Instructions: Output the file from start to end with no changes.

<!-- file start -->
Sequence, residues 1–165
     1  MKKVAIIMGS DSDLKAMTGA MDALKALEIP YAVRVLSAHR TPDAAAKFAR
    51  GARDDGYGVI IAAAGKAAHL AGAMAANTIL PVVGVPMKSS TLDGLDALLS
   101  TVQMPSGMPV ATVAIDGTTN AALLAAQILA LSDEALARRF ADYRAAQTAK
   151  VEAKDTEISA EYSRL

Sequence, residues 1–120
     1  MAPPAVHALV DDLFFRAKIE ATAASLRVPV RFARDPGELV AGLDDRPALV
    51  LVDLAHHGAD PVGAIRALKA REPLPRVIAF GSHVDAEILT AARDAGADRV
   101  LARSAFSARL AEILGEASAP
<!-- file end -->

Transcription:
Sequence, residues 1–165
     1  MKKVAIIMGS DSDLKAMTGA MDALKALEIP YAVRVLSAHR TPDAAAKFAR
    51  GARDDGYGVI IAAAGKAAHL AGAMAANTIL PVVGVPMKSS TLDGLDALLS
   101  TVQMPSGMPV ATVAIDGTTN AALLAAQILA LSDEALARRF ADYRAAQTAK
   151  VEAKDTEISA EYSRL

Sequence, residues 1–120
     1  MAPPAVHALV DDLFFRAKIE ATAASLRVPV RFARDPGELV AGLDDRPALV
    51  LVDLAHHGAD PVGAIRALKA REPLPRVIAF GSHVDAEILT AARDAGADRV
   101  LARSAFSARL AEILGEASAP